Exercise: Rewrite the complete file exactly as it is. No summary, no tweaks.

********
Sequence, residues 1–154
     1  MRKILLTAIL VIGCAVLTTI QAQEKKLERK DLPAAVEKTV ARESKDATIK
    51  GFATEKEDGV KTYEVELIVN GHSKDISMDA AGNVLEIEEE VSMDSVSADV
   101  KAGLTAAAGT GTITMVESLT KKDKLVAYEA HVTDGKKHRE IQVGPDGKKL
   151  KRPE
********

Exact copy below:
Sequence, residues 1–154
     1  MRKILLTAIL VIGCAVLTTI QAQEKKLERK DLPAAVEKTV ARESKDATIK
    51  GFATEKEDGV KTYEVELIVN GHSKDISMDA AGNVLEIEEE VSMDSVSADV
   101  KAGLTAAAGT GTITMVESLT KKDKLVAYEA HVTDGKKHRE IQVGPDGKKL
   151  KRPE